“You could put Warren Buffet in as GM at the MBTA, it doesn't really matter unless the fiscal situation is properly resolved," says Jim Aloisi, a former secretary of transportation and a CommonWealth magazine contributor.
The tumultuous departure of former MBTA general manager Dan Grabauskas three years ago is also a cautionary tale about the kind of political hardball that gets played in Massachusetts. The Patrick administration forced out Grabauskas, who was popular with state lawmakers, after disputes over safety and financial issues.
“Our politics like in many…places is not easy,” Levin said. “The person needs to be interested in working with an [older] system like ours. They need to be interested in the kind of change they could produce.”
According to Levin, the furor over the T’s fare increases and service cuts earlier this year slowed down the hiring process as she and the other search committee members – Davey and MBTA board chairman John Jenkins – turned their attention to the authority’s fiscal crisis.
The slow of pace of the MBTA search puzzles Kane, the MBTA Advisory Board analyst. The advisory board suggested that the MBTA board include its executive director, Paul Regan, on the search committee as a public member. Instead, the T board stuck to its original plan: two board members plus Davey, according to Levin.
“No one’s really sure where we are in the process or how it’s going,” said Kane. “[That] speaks to the fact that there needs be a little more openness and transparency about where we are and why we haven’t hired a full-time general manager yet.”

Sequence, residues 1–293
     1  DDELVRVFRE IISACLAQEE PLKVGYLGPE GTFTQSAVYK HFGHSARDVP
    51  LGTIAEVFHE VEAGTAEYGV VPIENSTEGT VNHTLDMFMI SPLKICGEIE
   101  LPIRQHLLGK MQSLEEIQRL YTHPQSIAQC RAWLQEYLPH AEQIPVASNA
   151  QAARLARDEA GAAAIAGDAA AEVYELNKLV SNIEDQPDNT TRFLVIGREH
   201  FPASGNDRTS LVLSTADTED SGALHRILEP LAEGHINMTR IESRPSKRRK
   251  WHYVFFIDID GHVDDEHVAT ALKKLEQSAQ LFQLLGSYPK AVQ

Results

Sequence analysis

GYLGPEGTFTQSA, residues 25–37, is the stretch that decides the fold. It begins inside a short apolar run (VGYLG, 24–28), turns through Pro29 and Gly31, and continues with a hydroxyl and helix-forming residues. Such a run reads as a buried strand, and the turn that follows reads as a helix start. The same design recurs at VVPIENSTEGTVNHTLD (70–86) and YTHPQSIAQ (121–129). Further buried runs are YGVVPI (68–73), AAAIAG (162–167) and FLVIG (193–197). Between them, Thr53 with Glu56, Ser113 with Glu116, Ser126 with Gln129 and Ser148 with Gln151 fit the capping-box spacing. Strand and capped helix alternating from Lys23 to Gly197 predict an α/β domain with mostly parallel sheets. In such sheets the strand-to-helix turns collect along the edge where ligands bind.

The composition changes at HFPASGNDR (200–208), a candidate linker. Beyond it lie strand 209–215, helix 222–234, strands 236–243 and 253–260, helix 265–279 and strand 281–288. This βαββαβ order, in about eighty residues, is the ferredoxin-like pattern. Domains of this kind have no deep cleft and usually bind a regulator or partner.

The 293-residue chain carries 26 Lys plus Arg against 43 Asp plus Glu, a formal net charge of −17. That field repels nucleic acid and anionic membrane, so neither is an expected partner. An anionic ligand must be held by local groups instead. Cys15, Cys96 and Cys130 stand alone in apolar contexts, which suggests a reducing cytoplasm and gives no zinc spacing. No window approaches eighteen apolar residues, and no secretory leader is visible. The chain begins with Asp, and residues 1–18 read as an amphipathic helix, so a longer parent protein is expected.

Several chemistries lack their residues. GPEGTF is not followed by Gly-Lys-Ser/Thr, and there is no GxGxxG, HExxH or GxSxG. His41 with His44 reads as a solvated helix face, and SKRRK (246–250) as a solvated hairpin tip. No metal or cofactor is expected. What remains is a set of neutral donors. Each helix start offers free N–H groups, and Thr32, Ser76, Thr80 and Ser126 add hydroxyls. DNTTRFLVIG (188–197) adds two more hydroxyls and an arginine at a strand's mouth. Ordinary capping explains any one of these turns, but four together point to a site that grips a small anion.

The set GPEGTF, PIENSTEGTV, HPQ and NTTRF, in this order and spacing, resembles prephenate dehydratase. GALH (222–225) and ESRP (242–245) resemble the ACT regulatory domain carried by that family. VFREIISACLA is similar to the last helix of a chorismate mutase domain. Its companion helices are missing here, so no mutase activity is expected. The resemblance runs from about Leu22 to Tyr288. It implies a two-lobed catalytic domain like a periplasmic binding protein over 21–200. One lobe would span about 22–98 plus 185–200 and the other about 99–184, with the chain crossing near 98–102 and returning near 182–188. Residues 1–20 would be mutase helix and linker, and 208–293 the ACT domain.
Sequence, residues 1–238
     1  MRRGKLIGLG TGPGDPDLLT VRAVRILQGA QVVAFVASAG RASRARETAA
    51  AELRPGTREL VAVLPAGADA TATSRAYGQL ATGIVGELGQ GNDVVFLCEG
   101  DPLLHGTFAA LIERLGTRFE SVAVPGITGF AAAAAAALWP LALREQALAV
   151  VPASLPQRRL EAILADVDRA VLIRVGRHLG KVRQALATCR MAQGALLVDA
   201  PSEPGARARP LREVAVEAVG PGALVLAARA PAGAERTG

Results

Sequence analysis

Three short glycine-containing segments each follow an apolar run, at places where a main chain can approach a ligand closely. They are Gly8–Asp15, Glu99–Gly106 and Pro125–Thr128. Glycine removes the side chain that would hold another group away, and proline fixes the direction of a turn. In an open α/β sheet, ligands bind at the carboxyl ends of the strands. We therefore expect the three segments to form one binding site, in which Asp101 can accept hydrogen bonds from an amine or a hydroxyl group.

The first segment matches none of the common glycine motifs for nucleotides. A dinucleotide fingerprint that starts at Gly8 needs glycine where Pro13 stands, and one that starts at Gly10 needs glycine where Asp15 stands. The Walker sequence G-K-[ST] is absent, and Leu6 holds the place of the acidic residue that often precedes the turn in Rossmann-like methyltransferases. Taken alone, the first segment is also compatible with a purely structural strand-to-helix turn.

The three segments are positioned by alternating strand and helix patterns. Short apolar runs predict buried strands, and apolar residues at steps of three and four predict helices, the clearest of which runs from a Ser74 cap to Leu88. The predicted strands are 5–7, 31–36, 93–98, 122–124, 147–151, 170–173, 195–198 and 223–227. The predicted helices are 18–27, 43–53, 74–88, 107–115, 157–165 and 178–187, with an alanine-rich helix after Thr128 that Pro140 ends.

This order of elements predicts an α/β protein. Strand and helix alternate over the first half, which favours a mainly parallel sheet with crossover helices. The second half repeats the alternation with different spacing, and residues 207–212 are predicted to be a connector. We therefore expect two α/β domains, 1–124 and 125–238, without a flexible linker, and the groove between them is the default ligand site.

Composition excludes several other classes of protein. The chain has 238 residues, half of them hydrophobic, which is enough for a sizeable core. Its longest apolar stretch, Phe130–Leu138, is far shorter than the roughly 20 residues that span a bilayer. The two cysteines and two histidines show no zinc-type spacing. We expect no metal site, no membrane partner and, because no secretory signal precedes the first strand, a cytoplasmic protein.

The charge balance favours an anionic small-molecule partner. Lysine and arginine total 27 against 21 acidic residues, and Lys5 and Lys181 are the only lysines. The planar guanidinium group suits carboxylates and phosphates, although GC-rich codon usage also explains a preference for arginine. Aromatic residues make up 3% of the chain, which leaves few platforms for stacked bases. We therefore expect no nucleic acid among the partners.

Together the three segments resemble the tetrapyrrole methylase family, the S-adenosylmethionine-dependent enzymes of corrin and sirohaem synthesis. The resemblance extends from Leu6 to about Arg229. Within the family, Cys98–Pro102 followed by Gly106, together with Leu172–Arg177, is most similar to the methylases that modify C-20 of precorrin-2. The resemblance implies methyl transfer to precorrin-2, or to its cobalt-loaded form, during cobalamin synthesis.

Compared to the MBTA, Massport is awash in revenues and runs like a well-tuned engine. Yet the agency has been operating with an acting executive director since June 2011, when Thomas Kinton retired after the Patrick administration shot down plans for him to receive a $22,000 raise that would have brought his salary to $318,000.
Massport’s board has interviewed a number of candidates and the head of the search committee, Michael Angelini, told CommonWealth last December that he hoped a new executive director would be hired by the end of March. After that target date came and went, the agency hired a new executive search firm, Spencer Stuart, in May and more candidates are being interviewed. Two rounds of interviews were held in June. Another round is scheduled for July 30.
It’s unclear what salary constraints Massport is operating under. Gov. Patrick has tried to bring the salaries of top executives at the quasi-public authorities in line with similar positions in state government. Interim executive director David Mackey, who is paid $192,628, according to 2011 state records, declined to comment. Davey, who sits on the Massport board, declined to comment on either the MBTA or Massport searches.
The absence of a permanent executive director at an agency like Massport is even more glaring than at the T, according to Aloisi. “It has a strong balance sheet and the ability to leverage that in a good way,” he said. “It's got the right board of directors and needs an equally good executive director.”